"What great delight it is to see the ones we love and then to have speech with them."
-Vincent McNabb, God's Way of Mercy
Today thanks to the Internet, distances don’t matter. Communication across the globe has become so easy. But we have a long way to go. Till now (at least in India) communication over the Internet is text based. The experience thus is not exactly like what Vincent McNabb describes. This is where the next generation networks come in.
This innate human desire is fuelling the growth of the telecommunications industry (estimated to be US $ 1,000 bn). The imperatives for the sector are:
- Faster data transfer
- Multimedia over the Internet
- Integration with existing legacy networks and other devices like phones (convergence)
- Ability to communicate with all kinds of networks
- Finally, the ability to reach irrespective of a person’s physical location (wireless applications)
The initial telecommunications device such as a digital switch were hardware based and the value break up between hardware and software was (70:30). Today, the percentages have reversed.
The digital technologies are converging, blurring the distinctions between the communications and networking industries. WAP (wireless application protocol) is a good example of the convergence of the two. This has created soaring demand for the software that powers today's networks.
Next generation networks like ATM (asynchronous transfer networks) are heavily reliant on software for functioning. Due to software based switching that these networks can be made more intelligent and can switch at faster rates thus increasing bandwidth.
This has created a huge opportunity for India's offshore software developers. Along with the explosive growth of the Internet and wireless communications, advantage India is the availability of skilled human resources (software engineers with telecommunications expertise). But the catch is that the solutions are very difficult to implement. Skill set requirement and entry barrier for the industry is high.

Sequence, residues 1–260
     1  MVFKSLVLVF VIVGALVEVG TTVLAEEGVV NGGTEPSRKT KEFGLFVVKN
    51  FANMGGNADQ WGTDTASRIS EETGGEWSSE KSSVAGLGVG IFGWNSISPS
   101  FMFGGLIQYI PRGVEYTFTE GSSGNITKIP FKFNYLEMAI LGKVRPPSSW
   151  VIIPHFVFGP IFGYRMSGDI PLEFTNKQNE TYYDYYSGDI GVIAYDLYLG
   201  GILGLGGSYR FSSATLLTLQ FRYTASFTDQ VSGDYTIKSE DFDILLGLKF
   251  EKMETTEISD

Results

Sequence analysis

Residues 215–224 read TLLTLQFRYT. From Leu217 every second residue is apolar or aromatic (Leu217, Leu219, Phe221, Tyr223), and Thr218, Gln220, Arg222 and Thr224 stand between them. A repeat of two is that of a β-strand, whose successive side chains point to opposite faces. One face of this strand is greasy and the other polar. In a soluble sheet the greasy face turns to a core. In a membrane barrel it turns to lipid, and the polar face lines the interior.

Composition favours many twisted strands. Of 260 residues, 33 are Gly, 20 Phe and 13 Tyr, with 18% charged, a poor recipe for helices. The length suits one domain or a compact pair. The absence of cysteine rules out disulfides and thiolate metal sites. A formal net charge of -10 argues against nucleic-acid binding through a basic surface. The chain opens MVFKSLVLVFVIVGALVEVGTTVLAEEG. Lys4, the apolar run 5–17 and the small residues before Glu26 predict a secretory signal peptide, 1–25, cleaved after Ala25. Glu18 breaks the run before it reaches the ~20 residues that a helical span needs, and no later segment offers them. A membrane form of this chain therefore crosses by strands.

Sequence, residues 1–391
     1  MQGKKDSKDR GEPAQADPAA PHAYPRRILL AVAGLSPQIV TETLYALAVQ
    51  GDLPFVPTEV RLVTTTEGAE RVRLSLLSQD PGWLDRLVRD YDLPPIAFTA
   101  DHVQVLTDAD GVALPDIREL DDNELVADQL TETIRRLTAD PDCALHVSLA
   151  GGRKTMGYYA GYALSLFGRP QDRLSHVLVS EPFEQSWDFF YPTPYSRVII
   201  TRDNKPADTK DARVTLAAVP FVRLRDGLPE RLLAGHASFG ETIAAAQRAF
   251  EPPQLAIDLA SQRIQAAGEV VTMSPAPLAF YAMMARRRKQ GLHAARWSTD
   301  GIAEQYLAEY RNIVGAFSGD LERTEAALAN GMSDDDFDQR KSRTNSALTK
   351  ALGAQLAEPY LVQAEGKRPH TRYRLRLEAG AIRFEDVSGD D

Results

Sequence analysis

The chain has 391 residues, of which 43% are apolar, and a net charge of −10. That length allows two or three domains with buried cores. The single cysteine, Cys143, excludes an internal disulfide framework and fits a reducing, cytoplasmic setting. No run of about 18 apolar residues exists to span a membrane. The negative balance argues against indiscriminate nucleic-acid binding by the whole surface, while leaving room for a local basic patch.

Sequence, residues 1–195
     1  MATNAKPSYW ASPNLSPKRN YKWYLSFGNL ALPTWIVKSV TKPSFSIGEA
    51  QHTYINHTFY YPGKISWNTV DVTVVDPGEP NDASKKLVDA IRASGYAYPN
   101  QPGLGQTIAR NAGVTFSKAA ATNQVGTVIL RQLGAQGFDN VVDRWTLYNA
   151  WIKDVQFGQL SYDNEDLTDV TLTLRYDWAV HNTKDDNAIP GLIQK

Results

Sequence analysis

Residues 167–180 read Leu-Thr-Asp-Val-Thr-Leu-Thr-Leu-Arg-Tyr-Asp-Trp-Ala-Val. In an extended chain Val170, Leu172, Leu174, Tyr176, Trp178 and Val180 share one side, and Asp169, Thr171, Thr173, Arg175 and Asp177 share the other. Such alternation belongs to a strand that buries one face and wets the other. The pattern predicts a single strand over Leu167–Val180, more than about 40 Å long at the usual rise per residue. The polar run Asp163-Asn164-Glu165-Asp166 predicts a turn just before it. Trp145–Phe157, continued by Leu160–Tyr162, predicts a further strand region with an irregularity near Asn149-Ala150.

Due to all these factors that India has become an important development center. According to Nasscom (the National Association of Software and Service Companies), India's telecoms software exports was 10% of the total software exports in FY99 and grew to about 12% (US $ 500 m) of total software exports in FY00. According to Nasscom estimates India's telecoms software exports will grow to 25% of the total exports in FY03.
The major players in the segment are Wipro, Tata Consultancy Services, Hughes (exclusively into this vertical), Mahindra British telecom, Satyam and of course Infosys.
Global markets for telcom software estimated at Rs 1,478 bn for FY01
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Due to the demand supply gap the billing rates are higher. This means the companies have better operating margins and lower receivable days as the clients are very big established companies. Also, all the technologies are in the development stage and there is tremendous scope for innovation and research. Therefore, a lot of Indian companies are eyeing the segment. To name a few Digital, SSI, Polaris and Trygin. Considering the small share the Indian companies have in the global market place, growth opportunities are tremendous.
Recognition for India’s effort has come from all quarters. The World economic forum in Davos awarded Wipro, “Technology pioneer” award. This is a sign of greater achievements to come.
Appreciating India’s cost competitive technical abilities some of the larger telecommunication groups like Siemens and Motorola have chosen to establish their own in house software development facilities in India. However, the danger is that, if too many MNC companies use this same methodology, Indian companies might feel the heat at a later date.
But until then, telecommunications is big business for Indian companies. As we said in the title: Telecom software: "Citius, altius, fortius" (meaning swifter, higher and stronger).